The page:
- At Home
Guess who's coming to dinner... and staying for a month?!
If you guessed a dapper black man named Sidney Poitier, sadly, you would be wrong. The answer: my boyfriend’s 18 year-old daughter. Ahh!
She lives in a dorm at school in NYC and is off on break. What is up with our educational system? I do not remember having a month off when I was in college. A few months ago, she asked if she could live with us, instead of her mother when she’s on vacation and over the summer. What could we say?
“Of course.” (Of course my “Of course” was uttered through clenched teeth and a forced smile.)
I like my boyfriend’s daughter. We get along quite well, do stuff together and I think she likes me. What’s not to like? My apprehension, hesitation and internal wig out, has more to do with that old stand by, “I didn’t sign up for this.” Like every other child related event that’s been hurled at my head, this too will take time to process.
I’m not used to having another body around. Another body that doesn’t know how to put dishes in the dishwasher. Another body that takes my nail polish and doesn’t return it. Another body that is a messy eater. Another body that didn’t know to knock before entering a closed door. Another body lurking around the house, so that now I can’t lurk around the house naked. Another body sleeping in the room next door, so now my boyfriend and I have to keep the television on to drown out the noise when we do sexy stuff. Oh, and believe you me, there’s noise.
I know that this is yet another piece of the Girlfriend Mom puzzle, but I was just getting used to soccer Sundays. I wasn’t expecting to live with a child for more than 48 hours every other weekend. I didn’t see this one coming.
In the short time that she’s been with us, I’ve learned a lot about myself. And really, who needs that?! When the four of us played board games over the Christmas break, I felt like a stepmom in a Lifetime movie, for the first time in five years. I was the odd man out, the one that didn’t belong. The non-blood relation. I glanced over at the three of them and their profound closeness wafted in the air. I felt a million miles away.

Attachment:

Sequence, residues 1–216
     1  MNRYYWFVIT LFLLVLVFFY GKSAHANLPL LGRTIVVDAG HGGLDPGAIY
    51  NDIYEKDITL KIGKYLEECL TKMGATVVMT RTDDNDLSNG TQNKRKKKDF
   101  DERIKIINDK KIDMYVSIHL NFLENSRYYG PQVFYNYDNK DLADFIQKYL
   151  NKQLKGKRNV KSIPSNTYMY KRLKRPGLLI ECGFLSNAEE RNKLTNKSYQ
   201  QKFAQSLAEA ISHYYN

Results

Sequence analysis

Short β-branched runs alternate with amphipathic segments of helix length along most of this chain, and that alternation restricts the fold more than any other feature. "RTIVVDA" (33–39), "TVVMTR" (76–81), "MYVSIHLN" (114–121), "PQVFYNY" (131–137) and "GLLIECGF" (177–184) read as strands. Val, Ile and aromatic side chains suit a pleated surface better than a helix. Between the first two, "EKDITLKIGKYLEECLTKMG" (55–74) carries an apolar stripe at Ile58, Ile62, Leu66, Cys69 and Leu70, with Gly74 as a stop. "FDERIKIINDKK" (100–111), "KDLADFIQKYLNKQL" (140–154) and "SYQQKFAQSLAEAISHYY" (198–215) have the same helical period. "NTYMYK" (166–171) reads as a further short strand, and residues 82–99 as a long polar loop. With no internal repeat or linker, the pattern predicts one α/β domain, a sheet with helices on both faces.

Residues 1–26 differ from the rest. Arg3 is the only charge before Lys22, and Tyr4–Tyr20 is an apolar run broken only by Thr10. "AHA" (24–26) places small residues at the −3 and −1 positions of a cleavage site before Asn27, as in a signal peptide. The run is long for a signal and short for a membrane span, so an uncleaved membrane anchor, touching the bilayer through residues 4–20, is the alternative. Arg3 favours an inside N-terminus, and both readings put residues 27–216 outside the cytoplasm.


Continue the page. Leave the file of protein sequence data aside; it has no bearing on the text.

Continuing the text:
I tried to convey to my boyfriend that what his kids had with their mother is naturally going to be a different with me. I’m not their mother. They’re not my kids. Sometimes I’m uncomfortable with the familiarity that they share. I’m traveling in foreign territory without a GPS system, and often I don't know why I'm feeling the way that I do.
I cannot move any faster than my feelings will allow. Perhaps it’s simply a question of time and patience. I’m honoring, not judging. Wow, that got serious quickly. Moving on.
Why do the kids have to take showers in our bathroom? They have a brand new gorgeous one to use. I don’t understand (just one in a long list of things I don’t understand) Is it because they see it as a treat? Do they feel closer to their dad? The question I ask myself is, “Why does it ruffle my feathers?”
I lived alone for a long time before I moved in with my boyfriend. I’m used to my privacy and not having to share, unless I wanted to. For crying out loud, my boyfriend and I are still learning to live with each another. Now you add a child to the mix, without having the benefit of years of practice, and poof! disruption of routine, rhythm, style and wet towels on the bathroom floor.
Change doesn’t come easily for a lot of people (especially my mother) and apparently this kind of change doesn’t come easily to me either. I can uproot myself from a 16-year stint in Los Angeles, selling everything from fork to car and move to Prague, but living with kids scares me. The parent (my boyfriend) in the relationship has to realize that the non-parent (me) has no past experience to draw upon.
I’m trying not to make a mountain out of a molehill, because the reality is, none of it is life threatening. Rather, it’s the emotions and feelings that the situation stirs in me, that gives me pause. This is what I’ve come up with, in so special order:
How much of my crap, and by crap, I mean my feelings, are unresolved personal issues, or my hot buttons? Perhaps these little people are my triggers. Darn them! Why do they have to unleash, overturn and bring up what I’ve worked so hard to shove down.
I met a very wise woman the other day, who recently lost her fourth husband. She has both biological and step-children. We shared stories of the children in our lives, to which she said, through held back tears, “Just love them. That’s all they want.”
And that’s what I plan to do. Dishes in the dishwasher or not.